Thursday, February 12, 2015

The Fickle Hand of Fate

A close friend lost her eighteen year old son in a brawl when an opponent pulled out a knife and severed the beloved's life force. After this tragic event, her perspective changed radically. If I referred to any event that was more than one minute into the future, she would raise her pointer finger to the heavens and say, "God willing." Because after all, we really don't know when it will be our last out breath. She had learned that lesson ever so painfully.

Yesterday, the great news correspondent Bob Simon was killed in a car crash on New York City's Westside Highway, a route I took regularly from my suburban house into the city as a teenager and young woman. He was known for his courage as a war correspondent; even captured and tortured for 40 days by Sadam Hussein's troops during the Gulf War. That he would die in the supposed safety of a chauffered Lincoln town car seems insane - but true.

His ending reminds me of yet another bizarre twist of fate. A wonderful 85 year old Tibetan lama, Lobsang Lalungpa, had grown up in old Tibet, escaped over the Himalayas when the Chinese invaded, and suffered enormous hardships as a refugee in Asia until finally settling in the US. This great soul had found a peaceful life in Sante Fe, and was out one balmy evening walking with his wife when a drunk driver's car jumped the sidewalk and killed him.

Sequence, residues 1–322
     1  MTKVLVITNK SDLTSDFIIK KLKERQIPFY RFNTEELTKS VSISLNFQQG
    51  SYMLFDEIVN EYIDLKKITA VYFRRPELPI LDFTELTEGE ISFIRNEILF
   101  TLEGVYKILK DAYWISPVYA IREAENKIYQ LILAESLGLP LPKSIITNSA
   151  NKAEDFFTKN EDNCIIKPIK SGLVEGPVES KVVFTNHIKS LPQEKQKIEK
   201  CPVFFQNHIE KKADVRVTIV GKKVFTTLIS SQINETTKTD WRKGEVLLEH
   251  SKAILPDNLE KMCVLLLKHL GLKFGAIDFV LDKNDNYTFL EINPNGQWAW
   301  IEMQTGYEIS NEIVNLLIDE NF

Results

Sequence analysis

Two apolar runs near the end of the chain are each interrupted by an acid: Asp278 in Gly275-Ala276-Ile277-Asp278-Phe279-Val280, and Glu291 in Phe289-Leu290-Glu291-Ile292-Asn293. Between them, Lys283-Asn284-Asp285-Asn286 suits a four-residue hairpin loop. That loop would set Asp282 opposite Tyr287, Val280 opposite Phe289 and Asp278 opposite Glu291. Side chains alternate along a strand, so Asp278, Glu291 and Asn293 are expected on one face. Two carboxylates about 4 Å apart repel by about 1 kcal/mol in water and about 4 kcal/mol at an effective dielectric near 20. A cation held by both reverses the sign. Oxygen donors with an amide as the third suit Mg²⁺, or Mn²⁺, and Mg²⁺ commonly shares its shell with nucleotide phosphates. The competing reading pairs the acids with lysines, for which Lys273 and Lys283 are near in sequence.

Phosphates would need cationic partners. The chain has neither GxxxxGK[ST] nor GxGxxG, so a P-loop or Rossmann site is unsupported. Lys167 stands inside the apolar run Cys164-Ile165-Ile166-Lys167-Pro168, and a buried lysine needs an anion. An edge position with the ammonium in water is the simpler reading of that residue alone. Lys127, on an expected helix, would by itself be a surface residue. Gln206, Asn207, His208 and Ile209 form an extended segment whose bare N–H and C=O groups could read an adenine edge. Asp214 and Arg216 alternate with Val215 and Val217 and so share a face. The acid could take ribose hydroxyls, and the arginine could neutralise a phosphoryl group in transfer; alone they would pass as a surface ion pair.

If there was ever a case for enjoying the here and now, and not getting lost in dreams (good or bad) these examples are a case in point, but not only in regards to our own mortality. If we really could comprehend the fragility of life, would we argue about trivial matters with family, friends and strangers? Would we stew over slights to our ego, or the horrors of certain places on earth? Even those who survive concentration camps and genocides are the ones capable of holding a positive vision, incredulous as that may be.

If any one of us is full of self-pity today - or anger - or mundane grumpiness - let's take a collective deep breath and thank the All-That-Is for this moment of life.

No comments:

Post a Comment

The Chapel of My Mind

  Rest in the nature of mind The yogi coaxes Voice of the ages Delivered via screen and wit In the vast chapel of ...